With the United Kingdom's post-Brexit phase starting officially on February 1, 2020, outspoken pastor of the New Life Baptist Church in Duffs Bottom, Tortola, Mr John I. Cline said the Virgin Islands should now focus on improving local industries with the aim of securing its future, as the UK severs ties with the European Union.
"Tourism should be strengthened, and I believe that there's some efforts being made to strengthen our tourism product. It's a shame that for the last some twenty years, thirty years, the only new product we had is Scrub [Island Resort]... while the rest of the Caribbean is full speed ahead showing up their tourism product," Bishop John I. Cline said on the Tuesday, January 28, 2020, edition of the My BVI radio show.
Strengthing VI for BREXIT
Along with co-host, Dr Albert L. Thompkins, and former Mrs BVI, Angelle A. Cameron, the discussion surrounded the possible implications of BREXIT on the VI and how the Virgin Islands should react.
According to Bishop Cline, with or without Brexit, the Territory ought to be thinking about ways to create more revenue streams that support the main financial services pillar.
"I was not one of those who was a great advocate for the airport in the past, but I have the right to change my mind," he said.
Mr Cline continued, "I felt that the previous government, they were nor fiscally responsible, we were not getting the information that we needed to make a proper public decision, in terms of why this is necessary with financial services on the decline."
Further, he said the National Democratic Party's (NDP) budget was increasing; however, yearly income continued to decline, "Who is going to pay for it? Tell us something, we are intelligent voters!" the man of the cloth charged.
Direct Flights to Miami
According to Bishop Cline, with past tourism projects under NDP, like its Anegada airport expansion project in particular, everything was being outsourced, "it was a concern, but these days when you see what's happening in Grenada, you can fly from Miami to Grenada."
He said just about every Caribbean island has direct flights to the US, with the exception of the Virgin Islands (VI) which is hampering the industry.
"And even though people are still coming, I believe that it would be a great asset to our tourism product and make it more even attractive, doing business outside of the tourism industry," he said.
Change of Heart
Back in 2016, Bishop Cline threw a wet blanket on the much-touted airport expansion that was extensively pushed by the then Premier and Minister of Finance, Dr D. Orlando Smith and the Deputy Premier and Minister for Natural Resources and Labour, Dr Kedrick D. Pickering.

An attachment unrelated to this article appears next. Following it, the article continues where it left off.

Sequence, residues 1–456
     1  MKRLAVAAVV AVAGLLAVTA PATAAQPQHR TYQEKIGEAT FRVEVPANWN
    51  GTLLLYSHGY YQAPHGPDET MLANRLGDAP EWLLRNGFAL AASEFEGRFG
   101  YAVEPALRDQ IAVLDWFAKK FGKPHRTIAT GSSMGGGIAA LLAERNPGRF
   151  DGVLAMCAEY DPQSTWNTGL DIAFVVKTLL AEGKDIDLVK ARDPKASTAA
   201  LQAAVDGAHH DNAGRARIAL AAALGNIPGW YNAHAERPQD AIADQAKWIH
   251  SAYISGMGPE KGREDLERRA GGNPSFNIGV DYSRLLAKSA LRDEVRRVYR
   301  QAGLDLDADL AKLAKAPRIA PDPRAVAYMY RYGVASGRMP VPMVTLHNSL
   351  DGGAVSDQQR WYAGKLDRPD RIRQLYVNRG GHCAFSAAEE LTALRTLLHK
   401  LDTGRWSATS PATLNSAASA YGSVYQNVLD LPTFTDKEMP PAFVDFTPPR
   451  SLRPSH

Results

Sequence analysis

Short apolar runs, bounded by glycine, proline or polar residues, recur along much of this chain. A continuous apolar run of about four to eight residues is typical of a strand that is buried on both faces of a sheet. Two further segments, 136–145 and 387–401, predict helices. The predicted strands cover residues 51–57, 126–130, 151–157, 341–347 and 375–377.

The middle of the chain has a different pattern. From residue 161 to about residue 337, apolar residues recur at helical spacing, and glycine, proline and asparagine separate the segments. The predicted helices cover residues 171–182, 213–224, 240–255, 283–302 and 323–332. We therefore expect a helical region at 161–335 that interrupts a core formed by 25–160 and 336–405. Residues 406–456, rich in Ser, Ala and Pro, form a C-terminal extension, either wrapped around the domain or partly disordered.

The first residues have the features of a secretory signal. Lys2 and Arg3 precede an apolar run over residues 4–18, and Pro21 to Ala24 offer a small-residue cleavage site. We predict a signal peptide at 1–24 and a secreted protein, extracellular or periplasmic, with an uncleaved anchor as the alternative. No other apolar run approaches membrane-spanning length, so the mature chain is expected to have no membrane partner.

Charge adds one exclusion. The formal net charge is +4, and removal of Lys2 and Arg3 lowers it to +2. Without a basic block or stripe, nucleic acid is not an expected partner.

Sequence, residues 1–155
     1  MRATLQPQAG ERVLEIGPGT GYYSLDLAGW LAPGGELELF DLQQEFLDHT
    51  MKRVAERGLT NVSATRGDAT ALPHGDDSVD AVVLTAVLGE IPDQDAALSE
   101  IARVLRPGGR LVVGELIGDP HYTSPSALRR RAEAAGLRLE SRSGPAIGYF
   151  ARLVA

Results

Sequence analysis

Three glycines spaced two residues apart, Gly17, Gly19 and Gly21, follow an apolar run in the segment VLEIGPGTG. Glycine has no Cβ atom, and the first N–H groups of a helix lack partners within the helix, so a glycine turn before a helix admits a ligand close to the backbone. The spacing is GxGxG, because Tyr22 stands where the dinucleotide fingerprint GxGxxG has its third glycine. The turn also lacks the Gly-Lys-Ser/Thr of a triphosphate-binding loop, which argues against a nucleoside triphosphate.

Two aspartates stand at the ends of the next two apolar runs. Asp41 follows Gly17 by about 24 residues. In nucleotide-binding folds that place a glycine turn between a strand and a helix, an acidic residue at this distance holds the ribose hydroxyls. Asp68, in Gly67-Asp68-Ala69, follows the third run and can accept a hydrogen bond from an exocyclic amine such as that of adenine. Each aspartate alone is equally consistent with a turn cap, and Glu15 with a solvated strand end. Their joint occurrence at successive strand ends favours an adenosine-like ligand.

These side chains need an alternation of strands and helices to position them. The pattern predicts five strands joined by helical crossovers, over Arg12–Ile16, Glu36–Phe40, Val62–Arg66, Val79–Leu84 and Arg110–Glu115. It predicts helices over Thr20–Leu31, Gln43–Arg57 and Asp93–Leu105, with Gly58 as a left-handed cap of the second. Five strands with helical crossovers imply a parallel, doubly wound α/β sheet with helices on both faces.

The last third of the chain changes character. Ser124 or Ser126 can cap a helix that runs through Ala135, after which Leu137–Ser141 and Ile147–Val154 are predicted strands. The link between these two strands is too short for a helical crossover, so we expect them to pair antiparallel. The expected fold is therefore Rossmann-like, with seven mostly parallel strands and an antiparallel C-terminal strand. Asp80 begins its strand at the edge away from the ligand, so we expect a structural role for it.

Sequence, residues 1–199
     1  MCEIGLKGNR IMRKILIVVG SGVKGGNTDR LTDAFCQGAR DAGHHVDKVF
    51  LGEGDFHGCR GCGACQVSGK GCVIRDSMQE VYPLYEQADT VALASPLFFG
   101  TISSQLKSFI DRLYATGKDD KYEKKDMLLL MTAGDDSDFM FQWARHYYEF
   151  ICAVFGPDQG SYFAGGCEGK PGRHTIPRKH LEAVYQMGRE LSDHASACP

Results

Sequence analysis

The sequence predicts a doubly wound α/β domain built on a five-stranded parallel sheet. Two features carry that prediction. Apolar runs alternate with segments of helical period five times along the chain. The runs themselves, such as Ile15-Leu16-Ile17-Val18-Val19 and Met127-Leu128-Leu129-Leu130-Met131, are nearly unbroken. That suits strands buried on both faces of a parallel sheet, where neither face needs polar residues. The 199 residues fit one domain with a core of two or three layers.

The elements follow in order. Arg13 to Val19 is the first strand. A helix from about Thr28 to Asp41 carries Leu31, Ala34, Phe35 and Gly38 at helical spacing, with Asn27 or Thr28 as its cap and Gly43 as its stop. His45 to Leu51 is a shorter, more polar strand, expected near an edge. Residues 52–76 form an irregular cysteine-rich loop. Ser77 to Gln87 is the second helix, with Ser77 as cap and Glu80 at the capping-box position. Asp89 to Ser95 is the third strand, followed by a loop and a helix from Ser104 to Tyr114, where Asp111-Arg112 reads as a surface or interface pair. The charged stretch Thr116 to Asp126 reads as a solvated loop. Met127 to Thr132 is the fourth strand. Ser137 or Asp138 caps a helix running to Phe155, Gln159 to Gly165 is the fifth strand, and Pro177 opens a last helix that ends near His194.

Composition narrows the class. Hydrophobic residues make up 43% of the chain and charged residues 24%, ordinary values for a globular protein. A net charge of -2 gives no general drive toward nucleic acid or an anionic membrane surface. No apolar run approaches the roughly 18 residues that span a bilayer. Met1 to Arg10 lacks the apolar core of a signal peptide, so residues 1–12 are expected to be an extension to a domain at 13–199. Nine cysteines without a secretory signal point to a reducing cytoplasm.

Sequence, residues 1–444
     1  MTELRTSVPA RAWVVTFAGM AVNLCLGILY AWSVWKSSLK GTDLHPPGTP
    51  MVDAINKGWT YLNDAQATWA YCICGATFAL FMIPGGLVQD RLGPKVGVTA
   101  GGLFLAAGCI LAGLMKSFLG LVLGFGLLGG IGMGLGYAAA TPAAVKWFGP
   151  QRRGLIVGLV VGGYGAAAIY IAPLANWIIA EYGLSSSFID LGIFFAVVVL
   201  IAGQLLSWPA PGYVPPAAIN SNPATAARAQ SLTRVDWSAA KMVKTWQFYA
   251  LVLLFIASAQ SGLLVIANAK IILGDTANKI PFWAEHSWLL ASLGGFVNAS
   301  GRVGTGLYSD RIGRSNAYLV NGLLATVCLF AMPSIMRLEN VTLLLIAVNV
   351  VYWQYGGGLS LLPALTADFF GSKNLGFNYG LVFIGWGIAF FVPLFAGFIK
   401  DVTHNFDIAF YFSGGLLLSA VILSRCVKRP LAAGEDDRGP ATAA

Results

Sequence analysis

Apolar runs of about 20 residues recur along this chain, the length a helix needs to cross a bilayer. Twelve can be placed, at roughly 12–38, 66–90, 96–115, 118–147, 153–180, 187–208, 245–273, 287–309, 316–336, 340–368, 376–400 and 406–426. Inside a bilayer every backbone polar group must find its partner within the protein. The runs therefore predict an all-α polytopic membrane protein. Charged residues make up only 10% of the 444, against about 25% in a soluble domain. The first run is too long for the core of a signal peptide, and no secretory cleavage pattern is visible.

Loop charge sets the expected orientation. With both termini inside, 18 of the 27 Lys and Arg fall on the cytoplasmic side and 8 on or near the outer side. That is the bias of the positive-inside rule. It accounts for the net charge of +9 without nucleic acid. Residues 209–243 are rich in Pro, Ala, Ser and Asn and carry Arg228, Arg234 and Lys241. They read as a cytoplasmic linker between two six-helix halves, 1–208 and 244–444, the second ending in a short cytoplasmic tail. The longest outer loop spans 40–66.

“There is a lot of talk about the airport, I am definitely not in favour of the airport, right now,” Bishop Cline said on the talk show Vigilate Dialog, hosted by Shaina M. Smith.
According to Bishop Cline, the then airport project is one that should be put on the back burner until such time that the Territory’s finances are in a better standing.
“I think for our tourist product what we need is a good concierge service. We meet them in St Thomas, when they get off that plane we rent a nice little lounge in St Thomas, we put them in there. The government invests in two wonderfully air-conditioned running on-time ferries with proper management,” Bishop Cline said back then.
Direct flights within a year
Premier and Minister of Fiannce, Honourable Andrew A. Fahie (R1), has previously said the VI would maximise “what is there” before thinking about lengthening the runway, which he said remains an ongoing discussion.
Speaking to Government Information Service (GIS) on December 20, 2019 on the occasion of the historic landing at the Terrance B. International Airport of the Titan Airways Airbus a318 that had completed a flight from Canada directly to the Virgin Islands, Premier Fahie disclosed that the BVI Airports Authority (BVIPA) was in discussions with airlines with aircrafts such as the size of the Airbus a318 to make direct flights, with possible flights from the VI to Punta Cana in the Dominican Republic and then to Miami, USA, with a direct flight on return to the VI, “And some going from here straight to Miami and back.”
“So we are going to maximise what we have, to provide airlift from the VI to Canada, the US and other parts of the world,” Hon Fahie had said.
The Premier had also said the Virgin Islands would realise such flights within a year, adding that the expected increase in airlifts, particularly to Canada and the United States, would help to boost the VI’s tourism product, “it’s going to help our economy, it’s going to help diversify our economy in many ways.”